Andy Pratt hit on Columbia with "Avenging Annie," a majestic and musically complex tune that Roger Daltrey failed to comprehend with his deficient cover. Pratt was one of Boston rock & roll's shining lights, but his eccentricities made for albums and musical sounds that were all over the map. If "Avenging Annie" is his signature tune, this five-song, black and white album is his finest and most compact work, and that is saying a lot. Pratt has always shared a vocal style with ex-Velvet Underground keyboard player Willie Alexander, and here the original guitarist from Willie Alexander & the Boom Boom Band, Billy Loosigian, adds his distinctive edge. "Israel" and "Paper Money" make side two much too short -- they are so inviting and philosophical that the ending is much too abrupt. Pratt's religious overtones hampered some of his earlier work on his Nemperor releases, but here he uses his beliefs and his vision to deliver an exceptional science-fiction epic in the title track. The snappy techno/dance is more direct than Falco, and more palatable than Kraftwerk. It rocks. Leroy Radcliffe's production is commendable -- Radcliffe being the former guitarist in the Modern Lovers and Robin Lane & the Chartbusters. "Burn Up in the Fire" has the mood that Pratt used to inject into his recordings with jazz; here it is rock & roll being stretched and torn apart to really fine effect. A photograph of what looks like a crucifix cut into a desert with clouds mysteriously hanging over it is a stark contrast to the Metropolis cover photo, which features a robot hand next to Pratt's stern face. "Who Will Be My Friend" is Pratt pop, stuff that made his Columbia hit album such a masterpiece, and it gives this album a much-needed break from the intensity of the other four titles. A really magnificent and forgotten work that deserves a better fate.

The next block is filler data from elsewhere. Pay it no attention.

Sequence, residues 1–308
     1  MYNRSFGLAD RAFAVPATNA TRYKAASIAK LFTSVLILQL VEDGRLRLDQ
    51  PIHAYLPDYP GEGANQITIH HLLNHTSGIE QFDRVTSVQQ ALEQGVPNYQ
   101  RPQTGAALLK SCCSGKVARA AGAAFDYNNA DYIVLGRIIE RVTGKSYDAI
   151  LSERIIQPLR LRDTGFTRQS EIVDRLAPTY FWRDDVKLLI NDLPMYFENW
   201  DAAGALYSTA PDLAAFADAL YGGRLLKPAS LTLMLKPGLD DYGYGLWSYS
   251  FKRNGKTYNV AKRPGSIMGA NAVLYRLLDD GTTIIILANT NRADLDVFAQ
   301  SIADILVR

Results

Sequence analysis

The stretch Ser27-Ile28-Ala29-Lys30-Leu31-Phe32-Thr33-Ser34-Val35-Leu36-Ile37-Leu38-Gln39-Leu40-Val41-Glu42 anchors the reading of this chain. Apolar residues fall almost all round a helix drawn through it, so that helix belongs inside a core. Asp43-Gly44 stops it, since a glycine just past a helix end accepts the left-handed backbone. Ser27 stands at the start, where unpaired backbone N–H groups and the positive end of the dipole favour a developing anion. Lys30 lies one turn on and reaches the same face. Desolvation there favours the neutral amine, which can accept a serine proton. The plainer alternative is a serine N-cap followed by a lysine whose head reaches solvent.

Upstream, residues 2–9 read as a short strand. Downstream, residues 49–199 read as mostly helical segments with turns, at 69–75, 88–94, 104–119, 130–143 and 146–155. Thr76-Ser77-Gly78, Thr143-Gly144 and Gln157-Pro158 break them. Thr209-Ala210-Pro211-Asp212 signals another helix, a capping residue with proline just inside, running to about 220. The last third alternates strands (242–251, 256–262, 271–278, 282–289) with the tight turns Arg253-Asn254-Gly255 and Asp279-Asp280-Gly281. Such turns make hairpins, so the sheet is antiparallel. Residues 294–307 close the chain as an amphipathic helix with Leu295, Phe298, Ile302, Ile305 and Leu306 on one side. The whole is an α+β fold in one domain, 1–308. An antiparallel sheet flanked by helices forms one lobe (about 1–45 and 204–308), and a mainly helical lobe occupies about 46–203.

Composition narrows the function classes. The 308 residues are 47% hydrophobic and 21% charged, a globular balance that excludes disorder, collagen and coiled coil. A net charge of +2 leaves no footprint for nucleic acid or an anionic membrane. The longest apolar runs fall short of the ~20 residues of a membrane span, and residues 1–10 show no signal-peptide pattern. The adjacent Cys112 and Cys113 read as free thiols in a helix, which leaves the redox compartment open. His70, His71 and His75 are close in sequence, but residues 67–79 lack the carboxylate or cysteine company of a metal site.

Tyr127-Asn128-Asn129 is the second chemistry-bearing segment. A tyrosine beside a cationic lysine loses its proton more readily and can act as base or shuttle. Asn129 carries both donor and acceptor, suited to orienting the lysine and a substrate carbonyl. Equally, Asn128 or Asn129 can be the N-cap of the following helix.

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AllMusic Review by Joe Viglione